Corbett’s lawsuit puzzles lawmakers
Gov. Tom Corbett’s antitrust lawsuit against the NCAA filed on behalf of the commonwealth is being met with bewilderment and concern from state lawmakers.
State Rep. John McGinnis, R-Altoona, said he wishes Corbett would focus on main issues, not the Penn State “side show.”
“I’m not sure why he’s doing this. Quite frankly, he has much bigger fish to fry. He’s got a blueprint to deliver on transportation; he’s said pension reform is his No. 1 priority; and he has a budget to introduce in February. If those are off the list, then he should look at Right to Work and cutting taxes,” McGinnis, a Penn State alumnus and professor, said.
The lawsuit filed in U.S. District Court on Wednesday accuses the NCAA of violating its obligation to ensure competition among members by levying sanctions that diminish Penn State’s competitiveness and harm the state’s economy.
“I don’t think what the governor is doing is wise. Lawyers I’ve spoken with said he has no legal standing,” McGinnis said. “Suing the NCAA is not a good use of his time, and it’s certainly not a good use of taxpayer money.”
The state Legislature annually budgets tax money for Pennsylvania to engage in business with outside legal firms, Corbett’s spokesman Kevin Harley said.
“It will be taxpayer dollars funding the case,” he said.
Money spent on hiring an outside law firm, Cozen O’Connor, would be saved if the case was handled by the state government’s lawyers already working within the administration, but Harley said antitrust is a specific practice, requiring a specialized law firm.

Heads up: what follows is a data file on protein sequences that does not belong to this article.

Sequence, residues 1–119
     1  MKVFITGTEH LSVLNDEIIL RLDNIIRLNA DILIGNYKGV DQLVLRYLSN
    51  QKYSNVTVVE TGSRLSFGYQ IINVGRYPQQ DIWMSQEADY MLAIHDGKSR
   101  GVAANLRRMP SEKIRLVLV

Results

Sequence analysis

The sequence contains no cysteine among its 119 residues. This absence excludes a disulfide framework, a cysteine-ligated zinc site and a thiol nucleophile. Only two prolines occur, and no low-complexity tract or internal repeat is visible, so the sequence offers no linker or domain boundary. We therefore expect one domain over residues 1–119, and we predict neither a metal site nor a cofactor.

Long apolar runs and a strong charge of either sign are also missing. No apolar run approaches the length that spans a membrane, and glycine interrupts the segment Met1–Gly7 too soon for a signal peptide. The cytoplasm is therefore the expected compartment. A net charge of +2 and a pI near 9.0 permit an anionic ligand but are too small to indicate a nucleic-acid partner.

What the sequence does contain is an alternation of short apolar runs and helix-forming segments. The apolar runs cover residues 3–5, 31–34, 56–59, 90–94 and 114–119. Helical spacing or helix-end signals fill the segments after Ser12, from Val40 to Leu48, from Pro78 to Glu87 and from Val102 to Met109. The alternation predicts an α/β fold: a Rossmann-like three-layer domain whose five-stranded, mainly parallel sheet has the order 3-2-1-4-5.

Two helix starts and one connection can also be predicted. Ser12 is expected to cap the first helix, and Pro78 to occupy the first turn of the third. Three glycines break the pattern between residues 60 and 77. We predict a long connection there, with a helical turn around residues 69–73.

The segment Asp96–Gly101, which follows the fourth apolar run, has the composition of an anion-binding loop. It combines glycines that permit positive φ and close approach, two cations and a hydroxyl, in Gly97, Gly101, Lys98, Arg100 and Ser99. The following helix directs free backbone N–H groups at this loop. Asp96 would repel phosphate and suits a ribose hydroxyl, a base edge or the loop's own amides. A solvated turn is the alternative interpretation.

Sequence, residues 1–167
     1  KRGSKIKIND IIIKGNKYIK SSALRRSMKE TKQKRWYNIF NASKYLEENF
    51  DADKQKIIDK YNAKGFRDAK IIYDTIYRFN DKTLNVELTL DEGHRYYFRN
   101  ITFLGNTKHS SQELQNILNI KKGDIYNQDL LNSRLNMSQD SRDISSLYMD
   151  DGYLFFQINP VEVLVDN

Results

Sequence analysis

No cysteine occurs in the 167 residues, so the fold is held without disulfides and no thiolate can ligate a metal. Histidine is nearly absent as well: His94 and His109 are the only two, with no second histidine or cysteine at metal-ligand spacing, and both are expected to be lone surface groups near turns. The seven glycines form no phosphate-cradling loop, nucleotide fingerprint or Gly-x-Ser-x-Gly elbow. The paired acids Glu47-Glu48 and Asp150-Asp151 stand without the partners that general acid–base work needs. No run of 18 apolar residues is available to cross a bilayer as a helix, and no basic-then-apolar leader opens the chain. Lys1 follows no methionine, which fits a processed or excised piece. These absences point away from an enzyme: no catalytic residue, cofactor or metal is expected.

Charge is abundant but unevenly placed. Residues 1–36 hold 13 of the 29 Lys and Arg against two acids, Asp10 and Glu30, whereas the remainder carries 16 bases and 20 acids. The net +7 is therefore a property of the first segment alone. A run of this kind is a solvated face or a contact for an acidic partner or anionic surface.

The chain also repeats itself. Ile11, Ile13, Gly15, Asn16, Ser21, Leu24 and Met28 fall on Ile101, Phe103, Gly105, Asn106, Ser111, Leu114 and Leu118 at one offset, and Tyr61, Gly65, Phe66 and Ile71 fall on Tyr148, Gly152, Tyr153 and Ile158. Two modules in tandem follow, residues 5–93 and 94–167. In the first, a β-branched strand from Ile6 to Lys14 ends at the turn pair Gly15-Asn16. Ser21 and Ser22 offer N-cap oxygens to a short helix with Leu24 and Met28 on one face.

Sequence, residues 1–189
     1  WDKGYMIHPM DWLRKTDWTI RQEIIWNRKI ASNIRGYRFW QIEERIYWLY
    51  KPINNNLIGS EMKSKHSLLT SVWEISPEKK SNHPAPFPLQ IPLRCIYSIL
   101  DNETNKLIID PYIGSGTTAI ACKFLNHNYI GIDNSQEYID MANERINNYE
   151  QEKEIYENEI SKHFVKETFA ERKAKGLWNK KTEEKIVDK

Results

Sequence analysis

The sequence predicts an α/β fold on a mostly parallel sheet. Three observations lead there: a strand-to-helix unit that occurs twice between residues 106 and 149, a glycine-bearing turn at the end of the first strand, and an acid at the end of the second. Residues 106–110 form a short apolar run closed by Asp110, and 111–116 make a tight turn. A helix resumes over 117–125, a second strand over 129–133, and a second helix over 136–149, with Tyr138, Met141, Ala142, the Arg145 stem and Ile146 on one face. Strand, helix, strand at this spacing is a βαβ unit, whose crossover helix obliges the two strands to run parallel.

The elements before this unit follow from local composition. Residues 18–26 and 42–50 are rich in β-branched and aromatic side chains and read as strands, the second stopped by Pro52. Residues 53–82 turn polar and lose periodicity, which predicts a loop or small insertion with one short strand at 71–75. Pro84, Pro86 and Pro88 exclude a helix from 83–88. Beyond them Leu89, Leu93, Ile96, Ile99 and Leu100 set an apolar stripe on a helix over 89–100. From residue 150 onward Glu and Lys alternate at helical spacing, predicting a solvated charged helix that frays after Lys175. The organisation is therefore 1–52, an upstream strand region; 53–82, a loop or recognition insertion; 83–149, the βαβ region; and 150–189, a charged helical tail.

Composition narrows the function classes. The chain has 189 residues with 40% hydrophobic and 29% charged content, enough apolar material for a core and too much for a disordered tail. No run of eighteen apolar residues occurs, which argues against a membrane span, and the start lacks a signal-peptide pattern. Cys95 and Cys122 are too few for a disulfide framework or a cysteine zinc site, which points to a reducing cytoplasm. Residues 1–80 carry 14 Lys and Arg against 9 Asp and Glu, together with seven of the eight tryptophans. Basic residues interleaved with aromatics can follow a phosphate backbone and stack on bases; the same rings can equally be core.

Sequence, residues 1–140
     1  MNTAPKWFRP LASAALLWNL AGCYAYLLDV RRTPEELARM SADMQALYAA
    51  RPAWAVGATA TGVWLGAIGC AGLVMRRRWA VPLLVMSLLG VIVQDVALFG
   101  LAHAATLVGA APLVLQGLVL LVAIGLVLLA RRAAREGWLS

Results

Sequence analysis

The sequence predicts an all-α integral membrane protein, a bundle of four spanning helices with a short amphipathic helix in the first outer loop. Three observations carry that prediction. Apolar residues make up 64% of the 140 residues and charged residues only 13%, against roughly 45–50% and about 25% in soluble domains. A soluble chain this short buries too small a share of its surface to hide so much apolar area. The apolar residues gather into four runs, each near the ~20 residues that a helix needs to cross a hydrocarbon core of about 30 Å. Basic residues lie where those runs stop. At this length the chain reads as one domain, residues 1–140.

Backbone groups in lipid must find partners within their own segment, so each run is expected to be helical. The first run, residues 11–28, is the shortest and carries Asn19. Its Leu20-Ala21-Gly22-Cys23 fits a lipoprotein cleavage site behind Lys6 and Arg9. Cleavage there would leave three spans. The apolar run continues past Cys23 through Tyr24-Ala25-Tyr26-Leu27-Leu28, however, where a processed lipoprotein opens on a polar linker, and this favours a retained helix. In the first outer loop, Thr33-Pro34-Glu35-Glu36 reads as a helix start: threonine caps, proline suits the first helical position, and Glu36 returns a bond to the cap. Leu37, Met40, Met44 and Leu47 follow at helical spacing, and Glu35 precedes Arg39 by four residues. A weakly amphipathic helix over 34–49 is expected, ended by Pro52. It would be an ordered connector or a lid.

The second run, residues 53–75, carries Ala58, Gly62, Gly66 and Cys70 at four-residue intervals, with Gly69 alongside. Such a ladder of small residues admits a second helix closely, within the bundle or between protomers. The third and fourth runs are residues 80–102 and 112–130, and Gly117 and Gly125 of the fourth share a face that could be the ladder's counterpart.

Harley declined to estimate the cost of the litigation, and a Cozen O’Connor spokeswoman was not available on Thursday. Harley reiterated what Corbett’s General Counsel Jim Schultz said after Corbett’s announcement of the litigation.
“As in any type of lawsuit, legal fees would be paid for the winner. So that money we spend could be repaid if successful. But that’s putting the cart in front of the horse right now,” he said. “Any cost will pale in comparison to the damages we think the state is suffering because of the sanctions. We believe this is a wise use of taxpayer resources.”
Harley claimed the Corbett administration used outside law firms half as much as the previous administration.
State Rep. Jerry Stern, R-Martinsburg, supports the lawsuit, regardless of cost.
“I don’t think you can determine a cost to do the right thing. The NCAA is impacting the university, a major employer in the commonwealth. This had wide-ranging impact,” Stern said. “I believe it’s in the best interest for Pennsylvania businesses.”
The NCAA has stated there is no merit to the case, and state Sen. John Eichelberger, R-Blair, has doubts as well.
“The antitrust violation is the new spin, but I don’t know that is valid. Penn State agreed to the sanctions, so it’s a contractual issue,” he said.
A philosophical problem Eichelberger has with the possibility of courts scrapping Penn State sanctions including the $60 million fine, is that Penn State might look like a hero if the trustees decide to donate that money to sex abuse programs in Pennsylvania, as Corbett has suggested.
“If the money is coming into programs around the state, then I would hope Penn State would never share in any credit for new programs. That would be equivalent to a rich man who writes a check, then his problems go away,” Eichelberger said.